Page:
Journal cover Journal topic
Climate of the Past An interactive open-access journal of the European Geosciences Union
https://doi.org/10.5194/cp-2018-2
© Author(s) 2018. This work is distributed under
the Creative Commons Attribution 4.0 License.
Research article
21 Feb 2018
Review status
This discussion paper is a preprint. It is a manuscript under review for the journal Climate of the Past (CP).
The effect of high dust amount on the surface temperature during the Last Glacial Maximum: A modelling study using MIROC-ESM
Rumi Ohgaito1, Ayako Abe-Ouchi2,1, Ryouta O'ishi2, Toshihiko Takemura3, Akinori Ito1, Tomohiro Hajima1, Shingo Watanabe1, and Michio Kawamiya1 1Japan Agency for Marine-Earth Science and Technology, Yokohama, 236-0001, Japan
2Atmosphere Ocean Research Institute, University of Tokyo, Kashiwa, Chiba 277-8564, Japan
3Research Institute for Applied Mechanics, Kyushu University, Fukuoka, 816-8580 Japan
Abstract. The effect of aerosols is one of the many uncertain factors in projections of the future climate. However, the behaviour of mineral dust aerosol (dust) can be investigated in the context of past climate changes. The Last Glacial Maximum (LGM) is known to have resulted in an enhancement of the dust deposition, especially over the polar regions. Using the Model for Interdisciplinary Research on Climate Earth System Model (MIROC-ESM), we investigated the impact of glaciogenic dust on the climate of the LGM and found that the effect of the enhancement of dust results in less cooling over the polar regions. One of the major reasons of the reduced cooling is the ageing of snow or ice, resulting in the reduction of the albedo by a high dust deposition, especially in the vicinity of high glaciogenic dust emissions. Although the net radiative perturbations in the lee of high glaciogenic dust provenances are negative, warming by ageing of snow overcomes this radiative perturbation in the Northern Hemisphere. In contrast, the radiative perturbation by the high dust loading in the troposphere acts to warm the surface surrounding Antarctica, which is mainly caused by the longwave aerosol–cloud interaction of dust and is likely the result of the greenhouse effect of the enhanced cloud fraction in the upper troposphere. Although our analysis mainly focused on the results of the experiments using the atmospheric part of the MIROC-ESM, we also conducted full MIROC-ESM experiments for a first trial of glacial dust modelling. The long-term trend to enhance warming in the Northern Hemisphere with the increase of glaciogenic dust was observed, whereas the warming level around Antarctica is almost unchanged, even after an extended interaction with the ocean.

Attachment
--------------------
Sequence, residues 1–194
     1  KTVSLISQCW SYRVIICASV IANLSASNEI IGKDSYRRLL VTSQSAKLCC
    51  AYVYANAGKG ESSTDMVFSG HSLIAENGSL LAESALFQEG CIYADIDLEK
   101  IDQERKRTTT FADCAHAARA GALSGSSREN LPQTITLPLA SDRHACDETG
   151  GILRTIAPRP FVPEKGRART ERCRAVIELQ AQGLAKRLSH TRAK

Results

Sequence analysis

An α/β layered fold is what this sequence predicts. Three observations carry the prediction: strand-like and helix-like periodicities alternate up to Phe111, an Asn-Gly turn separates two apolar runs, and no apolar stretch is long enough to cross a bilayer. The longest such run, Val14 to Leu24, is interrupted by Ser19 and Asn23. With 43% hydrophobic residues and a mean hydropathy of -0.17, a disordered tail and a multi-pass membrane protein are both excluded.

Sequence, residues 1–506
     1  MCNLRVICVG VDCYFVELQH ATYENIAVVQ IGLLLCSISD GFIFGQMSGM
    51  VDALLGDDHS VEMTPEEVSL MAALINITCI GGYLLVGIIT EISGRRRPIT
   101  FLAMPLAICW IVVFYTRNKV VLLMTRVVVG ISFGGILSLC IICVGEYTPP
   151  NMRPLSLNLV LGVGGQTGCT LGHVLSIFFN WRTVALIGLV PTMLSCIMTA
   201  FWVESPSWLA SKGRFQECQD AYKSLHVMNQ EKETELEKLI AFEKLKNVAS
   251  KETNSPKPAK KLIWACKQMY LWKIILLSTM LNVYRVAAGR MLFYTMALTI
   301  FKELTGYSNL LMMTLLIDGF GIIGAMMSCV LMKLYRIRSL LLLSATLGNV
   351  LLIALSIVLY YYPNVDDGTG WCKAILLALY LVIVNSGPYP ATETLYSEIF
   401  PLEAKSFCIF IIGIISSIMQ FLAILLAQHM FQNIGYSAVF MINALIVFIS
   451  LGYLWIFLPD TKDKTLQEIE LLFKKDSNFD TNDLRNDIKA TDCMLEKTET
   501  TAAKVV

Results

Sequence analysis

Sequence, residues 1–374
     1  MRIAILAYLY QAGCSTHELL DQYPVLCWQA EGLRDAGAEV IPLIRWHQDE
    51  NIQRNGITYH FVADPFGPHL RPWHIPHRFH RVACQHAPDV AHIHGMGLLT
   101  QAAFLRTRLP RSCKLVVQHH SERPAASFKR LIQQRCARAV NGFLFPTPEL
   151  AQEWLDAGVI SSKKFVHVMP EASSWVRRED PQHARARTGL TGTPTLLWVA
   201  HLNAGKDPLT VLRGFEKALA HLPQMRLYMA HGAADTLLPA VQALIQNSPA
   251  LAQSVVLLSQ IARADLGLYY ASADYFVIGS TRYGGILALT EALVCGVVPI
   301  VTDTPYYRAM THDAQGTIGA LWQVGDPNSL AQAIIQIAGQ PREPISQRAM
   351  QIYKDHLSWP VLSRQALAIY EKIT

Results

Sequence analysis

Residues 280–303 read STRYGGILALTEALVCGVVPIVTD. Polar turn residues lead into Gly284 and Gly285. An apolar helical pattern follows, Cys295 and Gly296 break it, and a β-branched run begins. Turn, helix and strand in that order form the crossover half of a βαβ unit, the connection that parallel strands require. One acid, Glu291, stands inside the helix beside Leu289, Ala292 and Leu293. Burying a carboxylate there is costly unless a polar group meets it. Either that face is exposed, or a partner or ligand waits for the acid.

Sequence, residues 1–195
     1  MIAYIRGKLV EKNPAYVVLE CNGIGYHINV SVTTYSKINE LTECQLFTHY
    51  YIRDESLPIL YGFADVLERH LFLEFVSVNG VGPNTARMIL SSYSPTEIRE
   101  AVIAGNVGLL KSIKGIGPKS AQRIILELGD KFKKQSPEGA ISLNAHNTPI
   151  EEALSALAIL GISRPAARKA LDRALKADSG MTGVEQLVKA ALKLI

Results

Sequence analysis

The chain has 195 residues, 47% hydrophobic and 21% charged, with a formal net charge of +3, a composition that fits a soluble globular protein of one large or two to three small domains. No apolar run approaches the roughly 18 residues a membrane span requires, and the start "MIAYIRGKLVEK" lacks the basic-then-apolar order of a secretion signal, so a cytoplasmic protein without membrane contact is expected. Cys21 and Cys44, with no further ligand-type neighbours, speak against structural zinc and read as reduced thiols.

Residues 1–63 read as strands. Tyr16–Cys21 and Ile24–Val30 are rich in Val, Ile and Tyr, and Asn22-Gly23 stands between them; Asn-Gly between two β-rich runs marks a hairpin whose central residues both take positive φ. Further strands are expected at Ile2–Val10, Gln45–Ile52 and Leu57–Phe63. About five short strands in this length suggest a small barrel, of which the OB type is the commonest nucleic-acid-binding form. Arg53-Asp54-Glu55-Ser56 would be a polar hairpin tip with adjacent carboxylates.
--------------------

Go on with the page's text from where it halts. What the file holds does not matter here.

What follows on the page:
Citation: Ohgaito, R., Abe-Ouchi, A., O'ishi, R., Takemura, T., Ito, A., Hajima, T., Watanabe, S., and Kawamiya, M.: The effect of high dust amount on the surface temperature during the Last Glacial Maximum: A modelling study using MIROC-ESM, Clim. Past Discuss., https://doi.org/10.5194/cp-2018-2, in review, 2018.
Rumi Ohgaito et al.
Rumi Ohgaito et al.
Rumi Ohgaito et al.

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Short summary
The behaviour of dust on climate can be investigated using past climate. The Last Glacial Maximum (LGM, 21 000 years before present) is known to be dustier. We investigated the impact of plausible dust distribution on the climate of the LGM using an Earth System Model and found that the effect of the LGM dust results in less cooling over the polar regions. Main finding is that the radiative perturbation by the high dust loading in the troposphere acts to warm the surface surrounding Antarctica.
The behaviour of dust on climate can be investigated using past climate. The Last Glacial...
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